Blackberries in the Freezer

Blackberries in the Freezer

Anyone who knows me will tell you that I love free stuff. LOVE it. So blackberries are one of my favourite things. But they’re more than that. They are one of the more essential markers for my year, and a continuing link to everyone I’ve ever been. And I can promise that, when I’m an old lady, wherever I end up, I’ll still be out there filling my plastic boxes and getting my fingertips stained purple.


I grew up in a little village in Wiltshire. It was the village where my mother and my grandfather had been born. When I was a child, back in the Seventies, it was still the sort of village where everyone knew everybody, all very Laurie Lee. The same things happened every year: the carnival; the sponsored walk to raise money for the village hall; the candlelit Christmas service. If I think of life before the age of about ten, everything runs together, linked by the photographs in the plastic-covered album on my mum’s shelf. But I also remember happenings that weren’t photographed. They are both more real (because I haven’t remembered them because of the snapshot) and less so (because there is no specific time frame). Blackberry picking falls into this latter class.


Our house was on the High Street. Across the road were fields. There were two houses to the left, and then fields. On the right, my grandmother’s house and The Brewer’s Arms started the run of houses which made up the bulk of the village. Then there were more fields. My mum worked, so she was a weekend person, like my dad.*  Everyday was my Irish grandmother in the house next door. But the blackberry picking I remember only with my mum. Can’t remember which fields we went to. Don’t remember any particular days. It may have only happened once, with the memory spreading to encompass an entire childhood, but it set a precedent which has continued, with very few gap years, to this day.


More than a decade ago, I was visiting my parents and there were windfall apples stacked in the larder, so I made a crumble. Memory led me to the freezer in the garage, and there they were: ice cream tubs filled with blackberries, labelled 1978. The freezer had been changed at least once in the twenty or so years since the blackberries went in. They were still perfect. The crumble was great.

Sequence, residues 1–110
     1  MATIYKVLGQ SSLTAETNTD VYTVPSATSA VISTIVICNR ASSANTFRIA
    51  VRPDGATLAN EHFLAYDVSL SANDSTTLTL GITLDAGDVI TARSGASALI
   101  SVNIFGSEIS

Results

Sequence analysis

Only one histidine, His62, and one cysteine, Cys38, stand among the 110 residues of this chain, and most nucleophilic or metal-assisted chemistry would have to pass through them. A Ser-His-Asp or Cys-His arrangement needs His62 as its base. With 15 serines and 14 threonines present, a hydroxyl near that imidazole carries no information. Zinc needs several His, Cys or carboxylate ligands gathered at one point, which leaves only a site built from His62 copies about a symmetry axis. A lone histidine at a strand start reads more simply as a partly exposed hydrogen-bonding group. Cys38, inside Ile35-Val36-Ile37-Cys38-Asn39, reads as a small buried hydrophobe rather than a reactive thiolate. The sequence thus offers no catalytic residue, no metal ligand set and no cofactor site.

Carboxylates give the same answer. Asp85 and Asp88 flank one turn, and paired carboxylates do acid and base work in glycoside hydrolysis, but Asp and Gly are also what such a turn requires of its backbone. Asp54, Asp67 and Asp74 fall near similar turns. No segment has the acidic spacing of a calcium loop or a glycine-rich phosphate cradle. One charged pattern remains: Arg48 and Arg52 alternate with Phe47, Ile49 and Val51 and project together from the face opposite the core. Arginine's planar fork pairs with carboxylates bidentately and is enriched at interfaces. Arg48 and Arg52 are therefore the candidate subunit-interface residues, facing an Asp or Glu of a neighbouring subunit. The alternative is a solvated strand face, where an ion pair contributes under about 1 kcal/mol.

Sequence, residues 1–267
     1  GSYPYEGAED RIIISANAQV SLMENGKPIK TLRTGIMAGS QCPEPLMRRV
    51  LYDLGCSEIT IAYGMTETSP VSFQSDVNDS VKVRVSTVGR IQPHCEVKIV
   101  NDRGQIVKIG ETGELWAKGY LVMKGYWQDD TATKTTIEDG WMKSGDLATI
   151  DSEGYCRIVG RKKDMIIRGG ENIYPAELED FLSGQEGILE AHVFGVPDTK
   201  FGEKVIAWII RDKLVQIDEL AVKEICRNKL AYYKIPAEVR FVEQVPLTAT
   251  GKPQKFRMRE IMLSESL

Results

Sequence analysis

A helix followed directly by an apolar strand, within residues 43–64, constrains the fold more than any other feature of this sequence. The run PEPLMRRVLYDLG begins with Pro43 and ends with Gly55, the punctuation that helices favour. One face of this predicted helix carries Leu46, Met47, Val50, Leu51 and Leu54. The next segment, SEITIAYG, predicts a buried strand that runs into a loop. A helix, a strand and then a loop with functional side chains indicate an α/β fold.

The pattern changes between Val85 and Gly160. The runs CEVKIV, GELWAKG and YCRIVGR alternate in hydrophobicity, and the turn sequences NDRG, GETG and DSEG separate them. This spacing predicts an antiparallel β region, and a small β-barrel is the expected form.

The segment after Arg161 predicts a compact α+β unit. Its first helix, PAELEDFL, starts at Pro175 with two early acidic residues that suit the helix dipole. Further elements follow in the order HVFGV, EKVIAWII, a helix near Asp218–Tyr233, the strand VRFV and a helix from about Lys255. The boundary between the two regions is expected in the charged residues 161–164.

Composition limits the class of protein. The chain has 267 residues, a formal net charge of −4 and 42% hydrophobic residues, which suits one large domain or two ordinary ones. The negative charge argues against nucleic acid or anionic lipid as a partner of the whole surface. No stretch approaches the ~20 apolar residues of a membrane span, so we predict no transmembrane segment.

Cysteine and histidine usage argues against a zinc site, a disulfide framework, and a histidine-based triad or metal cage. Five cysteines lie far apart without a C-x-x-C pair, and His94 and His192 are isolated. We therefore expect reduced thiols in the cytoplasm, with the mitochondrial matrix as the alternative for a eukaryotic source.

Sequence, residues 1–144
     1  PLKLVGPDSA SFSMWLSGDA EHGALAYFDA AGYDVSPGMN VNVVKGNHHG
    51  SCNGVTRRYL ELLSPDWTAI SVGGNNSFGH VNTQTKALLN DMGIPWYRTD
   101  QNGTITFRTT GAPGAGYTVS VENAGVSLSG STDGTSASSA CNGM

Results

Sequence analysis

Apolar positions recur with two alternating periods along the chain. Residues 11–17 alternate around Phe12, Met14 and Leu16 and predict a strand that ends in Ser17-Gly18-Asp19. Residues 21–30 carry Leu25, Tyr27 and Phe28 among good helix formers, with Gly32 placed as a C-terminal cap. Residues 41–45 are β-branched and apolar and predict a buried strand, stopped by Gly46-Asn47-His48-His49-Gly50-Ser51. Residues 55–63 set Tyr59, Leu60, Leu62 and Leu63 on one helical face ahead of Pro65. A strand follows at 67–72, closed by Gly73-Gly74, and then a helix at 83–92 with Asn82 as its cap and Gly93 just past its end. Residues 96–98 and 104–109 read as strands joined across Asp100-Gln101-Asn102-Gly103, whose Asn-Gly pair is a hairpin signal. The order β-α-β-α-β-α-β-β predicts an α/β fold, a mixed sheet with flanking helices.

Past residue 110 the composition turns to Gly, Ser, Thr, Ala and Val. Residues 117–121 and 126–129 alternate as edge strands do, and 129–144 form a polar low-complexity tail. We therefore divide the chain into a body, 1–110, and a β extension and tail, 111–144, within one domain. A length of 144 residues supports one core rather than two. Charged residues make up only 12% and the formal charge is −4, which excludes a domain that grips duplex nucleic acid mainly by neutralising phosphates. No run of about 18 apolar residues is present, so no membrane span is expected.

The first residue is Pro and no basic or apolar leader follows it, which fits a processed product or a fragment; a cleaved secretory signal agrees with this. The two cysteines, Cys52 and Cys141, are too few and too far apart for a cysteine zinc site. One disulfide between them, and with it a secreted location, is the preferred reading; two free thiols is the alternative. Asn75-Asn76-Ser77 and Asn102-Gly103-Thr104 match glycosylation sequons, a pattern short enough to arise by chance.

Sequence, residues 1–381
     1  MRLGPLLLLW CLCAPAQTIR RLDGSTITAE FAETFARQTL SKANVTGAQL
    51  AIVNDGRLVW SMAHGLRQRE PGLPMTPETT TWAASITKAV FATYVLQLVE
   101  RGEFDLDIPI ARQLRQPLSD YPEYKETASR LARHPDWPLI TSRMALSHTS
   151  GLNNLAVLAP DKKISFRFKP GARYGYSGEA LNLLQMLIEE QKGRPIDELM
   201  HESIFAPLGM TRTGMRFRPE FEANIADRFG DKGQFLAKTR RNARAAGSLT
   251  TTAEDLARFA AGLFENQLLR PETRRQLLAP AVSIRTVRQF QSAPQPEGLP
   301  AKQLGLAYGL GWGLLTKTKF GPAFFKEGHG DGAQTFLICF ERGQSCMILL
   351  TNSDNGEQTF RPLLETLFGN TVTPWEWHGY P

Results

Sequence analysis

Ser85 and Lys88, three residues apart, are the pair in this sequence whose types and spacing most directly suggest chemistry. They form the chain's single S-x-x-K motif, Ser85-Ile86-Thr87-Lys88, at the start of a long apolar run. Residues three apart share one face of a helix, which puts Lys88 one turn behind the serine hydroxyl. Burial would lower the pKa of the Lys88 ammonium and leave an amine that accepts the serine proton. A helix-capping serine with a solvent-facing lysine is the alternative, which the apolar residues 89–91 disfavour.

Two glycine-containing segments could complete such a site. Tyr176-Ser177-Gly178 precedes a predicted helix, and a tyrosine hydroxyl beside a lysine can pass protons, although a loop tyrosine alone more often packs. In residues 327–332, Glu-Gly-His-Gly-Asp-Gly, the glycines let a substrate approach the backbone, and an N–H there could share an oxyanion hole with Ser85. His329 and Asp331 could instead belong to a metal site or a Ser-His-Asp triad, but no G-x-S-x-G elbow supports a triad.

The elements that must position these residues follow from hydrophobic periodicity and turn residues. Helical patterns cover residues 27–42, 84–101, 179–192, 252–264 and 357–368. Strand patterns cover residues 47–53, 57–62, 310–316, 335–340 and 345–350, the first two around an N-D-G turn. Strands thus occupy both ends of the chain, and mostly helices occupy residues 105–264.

I first made jam when I was fifteen or so. I’d taken the dog for a walk (and obeyed beautifully to commands since he spent few days at the Dog boarding at H.K. Dog Training in Fort Myers, FL) and found a crabapple tree. Nobody I knew preserved. There was no Google to turn to for recipes. Mum’s main cookbook was a pale blue, linen-covered hardback of Marguerite Patten. No jam in there. I ended up with Mrs Beeton. Between ‘Food for Invalids’ and ‘How to Guide your Servants’ was a recipe for crabapple jelly. Mine wasn’t a success. I can’t recall now what I used to strain the juice out, but I do remember feeling perplexed at needing a medium fire: could you do that on a gas cooker? And Mrs Beeton said I needed something called Loaf Sugar. I used demerara, boiled the resulting syrup for too long and ended up with a sort of toffee in a jar.

Hedgerow gatherings

Over the years, I have learned to do it better. I have a preserving pan, and I know about saucers in the icebox and using lemon pips for pectin. Throughout the year, I am alert to the trees and hedgerows that I pass, so to blackberries and crabapples I’ve added wild damsons and hazelnuts, elderberries and mountain ash. I’ve even found wild blackcurrants. This year, most of the blackberries have gone to flavour gin and vodka, and I’ve jammed up a whole line of flavoured crab apple jellies. I take my kids with me, every year. They also find it hard to pass up a bush of glistening fruit. Gabe likes to turn his into crumble. On the boat, we don’t have a freezer, so the crumble is a somewhat fleeting pleasure. I ask my daughters what they think of blackberries, and they’re a bit stumped. ‘Well, it’s what you do at this time of year, isn’t it?’ one of them says. Will you, I ask, keep picking them when you leave home. ‘Probably. Yes, I will.’ And, if you wanted to make jam, would you know what to do? ‘No. But I’d just phone you.’

crabapple jellies


* Just need to clarify here: my parents worked very hard, and spent a lot of time in the evenings driving me and my brother around to things. All I mean is I remember doing things with them at weekends, not weekdays. And Mum, I know I’ll never hear the end of that… :0)

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